Monthly Archives: August 2015
Well, as I said, we’re getting close to done with the summer and with the summer series on the Ten Commandments – Ten Commitments that describe how covenant partners live and what their lives look like. They are similar to Jesus’ Beatitudes that describe normal Christian life in the broader context, first of the Hebrew tradition which has two branches or tributaries that flow from it, one is Judaism and one is Christianity. I am interested here, mainly and not surprisingly, in the Christian branch. The previous Commitments have all centred on the actions of covenant partners. This one shifts… Continue reading
It’s good to be back with you and back into our series involving the Ten Commandments, or ten commitments, that people make in accepting life in covenant with God and other partners. We have said that these ten words or sentences are not laws as such, but are Principles that outline broad areas of covenant life that deal with one or another of God’s Primary Policy Statements, summed up in the words:
You shall love the LORD your God with all your heart, with all your soul, and with all your might. (Dt. 6:5) and…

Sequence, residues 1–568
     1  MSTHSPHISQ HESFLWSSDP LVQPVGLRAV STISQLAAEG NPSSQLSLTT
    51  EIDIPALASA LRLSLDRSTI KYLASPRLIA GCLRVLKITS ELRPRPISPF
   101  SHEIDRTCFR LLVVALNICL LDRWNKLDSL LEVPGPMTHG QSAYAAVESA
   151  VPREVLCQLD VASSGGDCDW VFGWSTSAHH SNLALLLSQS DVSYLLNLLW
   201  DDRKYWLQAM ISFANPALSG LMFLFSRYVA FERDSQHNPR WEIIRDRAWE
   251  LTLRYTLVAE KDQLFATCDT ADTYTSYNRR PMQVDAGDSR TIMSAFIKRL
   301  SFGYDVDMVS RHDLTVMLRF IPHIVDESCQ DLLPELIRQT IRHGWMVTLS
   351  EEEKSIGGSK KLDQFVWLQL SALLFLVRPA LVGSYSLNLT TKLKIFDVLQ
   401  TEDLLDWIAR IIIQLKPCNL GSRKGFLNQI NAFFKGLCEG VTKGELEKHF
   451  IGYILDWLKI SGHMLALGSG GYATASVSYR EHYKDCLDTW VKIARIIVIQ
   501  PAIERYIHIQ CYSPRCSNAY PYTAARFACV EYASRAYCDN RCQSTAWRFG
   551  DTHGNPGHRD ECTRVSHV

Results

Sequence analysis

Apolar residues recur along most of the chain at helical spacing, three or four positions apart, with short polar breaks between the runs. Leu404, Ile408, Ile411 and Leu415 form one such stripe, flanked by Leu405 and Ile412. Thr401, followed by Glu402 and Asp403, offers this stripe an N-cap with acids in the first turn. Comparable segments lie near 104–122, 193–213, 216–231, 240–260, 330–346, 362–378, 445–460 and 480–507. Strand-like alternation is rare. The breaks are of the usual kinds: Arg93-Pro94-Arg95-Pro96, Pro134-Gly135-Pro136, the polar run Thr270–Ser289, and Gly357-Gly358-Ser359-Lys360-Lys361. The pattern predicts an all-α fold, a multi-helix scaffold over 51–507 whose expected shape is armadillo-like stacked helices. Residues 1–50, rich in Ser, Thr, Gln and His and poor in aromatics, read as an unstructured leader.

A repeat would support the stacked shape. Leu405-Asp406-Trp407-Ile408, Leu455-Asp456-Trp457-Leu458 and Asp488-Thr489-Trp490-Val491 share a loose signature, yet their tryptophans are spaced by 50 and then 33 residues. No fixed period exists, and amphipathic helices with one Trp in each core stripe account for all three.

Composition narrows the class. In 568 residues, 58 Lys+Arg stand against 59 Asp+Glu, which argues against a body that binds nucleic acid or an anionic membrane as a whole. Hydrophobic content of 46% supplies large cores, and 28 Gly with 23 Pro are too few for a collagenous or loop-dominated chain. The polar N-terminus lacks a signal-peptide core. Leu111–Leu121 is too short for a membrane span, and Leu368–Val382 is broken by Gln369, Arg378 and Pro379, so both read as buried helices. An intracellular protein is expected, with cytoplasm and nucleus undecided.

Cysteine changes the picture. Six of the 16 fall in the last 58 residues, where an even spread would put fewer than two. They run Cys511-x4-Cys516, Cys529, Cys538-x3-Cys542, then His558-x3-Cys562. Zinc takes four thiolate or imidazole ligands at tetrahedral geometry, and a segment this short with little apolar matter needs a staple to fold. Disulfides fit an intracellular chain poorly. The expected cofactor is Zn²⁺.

You shall love your neighbour… Continue reading
I admit that the title for today’s sermon is, possibly, a little provocative, although it does set out an attitude that is quite prevalent in contemporary society: “Who cares about adultery”? I mean, even the word itself, adultery, has an old-fashioned, narrow-minded, puritanical, stink to it, doesn’t it. The word isn’t used very much outside of some churches. I certainly don’t use it much and I haven’t heard it used much here either.
In 1850 Nathaniel Hawthorne published his famous novel The Scarlet Letter. In the work contrasted the “scarlet letter” (an “A” for “adultery”) that Hester Prynne was made… Continue reading
The Bible’s story of the reception of the Ten Commandments, or, as we’ve called them “the ten commitments,” tells us that Moses received these “words” or “principles” on two stone tablets. With the sixth commitment (“You will not kill”), we move from what is called the “first table” to the “second,” assuming that five words were written on one stone tablet, and five on the other (as in the illustration in your bulletin). The first table deals with relations with God, and transitions into relations with neighbours, which forms the subject matter of the whole second table.
As we’ve gone… Continue reading